The Spitzer Space Telescope has taken an unprecedented look at the wispy Orion nebula to find a cornucopia of stars and dust with the recipe build planets.
Spitzer's infrared eye found some 2,300 disks of planet-forming material that were either too small or distant to be seen by most traditional telescopes scanning Orion in the visible range of the spectrum.
"When I first got a look at the image, I was immediately struck by the intricate structure in the nebulosity, and in particular, the billowing clouds of the gigantic ring extending from the Orion nebula," said astronomer Tom Megeath, of the University of Toledo, in a statement.
Megeath, who led the Spitzer research at the Harvard-Smithsonian Center for Astrophysics (CfA), and his colleagues combined about 10,000 images taken by the space-based telescope's Infrared Array Camera (IRAC) to build their comprehensive look at the 30 light-year wide Orion nebula.
The image also features about 200 baby stars too young to develop disks of their own. Interstellar dust swirls through Spitzer's view, painting the swath of sky in a vivid pink.
Launched in August 2003 as the Space Infrared Telescope (SIRTF), Spitzer was rechristened in honor of the late scientist Lyman Spitzer, Jr., who first suggested placing telescopes in orbit to escape interference from the Earth's atmosphere in the 1940s.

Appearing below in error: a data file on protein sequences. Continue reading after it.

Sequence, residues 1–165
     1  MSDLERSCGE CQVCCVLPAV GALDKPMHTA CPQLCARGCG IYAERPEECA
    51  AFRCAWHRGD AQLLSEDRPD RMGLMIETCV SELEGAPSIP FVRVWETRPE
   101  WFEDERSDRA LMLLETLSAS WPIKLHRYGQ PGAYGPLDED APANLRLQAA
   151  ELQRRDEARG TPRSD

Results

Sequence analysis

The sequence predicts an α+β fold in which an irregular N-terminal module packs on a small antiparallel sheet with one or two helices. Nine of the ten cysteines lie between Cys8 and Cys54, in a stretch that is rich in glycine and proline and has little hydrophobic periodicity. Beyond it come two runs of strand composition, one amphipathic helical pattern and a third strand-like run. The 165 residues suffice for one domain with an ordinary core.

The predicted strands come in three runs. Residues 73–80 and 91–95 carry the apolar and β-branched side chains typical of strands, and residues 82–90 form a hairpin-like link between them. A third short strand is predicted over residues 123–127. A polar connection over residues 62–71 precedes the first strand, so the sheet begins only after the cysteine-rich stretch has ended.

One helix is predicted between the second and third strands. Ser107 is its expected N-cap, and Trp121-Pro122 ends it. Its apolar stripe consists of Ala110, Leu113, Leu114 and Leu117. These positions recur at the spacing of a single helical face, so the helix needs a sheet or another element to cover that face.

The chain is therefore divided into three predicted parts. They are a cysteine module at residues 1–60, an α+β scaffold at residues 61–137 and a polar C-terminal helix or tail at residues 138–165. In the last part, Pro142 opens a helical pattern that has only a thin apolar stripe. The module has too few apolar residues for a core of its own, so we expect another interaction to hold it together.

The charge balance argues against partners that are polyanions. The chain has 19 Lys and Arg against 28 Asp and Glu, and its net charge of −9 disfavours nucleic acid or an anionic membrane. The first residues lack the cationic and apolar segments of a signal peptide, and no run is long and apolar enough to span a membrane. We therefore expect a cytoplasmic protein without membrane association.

Perched in the sword of the easily recognizable constellation Orion and backlit by four bright stars known as the Trapezium, the Orion nebula is one of the most observed deep-sky objects. The nebula sits about 1,450 light-years from Earth and is the nearest stellar factory to our home planet, making it a convenient laboratory for star evolution researchers.
"Most stars form in crowded environments like Orion, so if we want to understand how [they] form, we need to understand the Orion nebula star cluster," said CfA researcher Lori Allen, who is working with Megeath on a long-term study of the nebula.
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- The Heat is On: Spitzer's Infrared Views of the Cosmos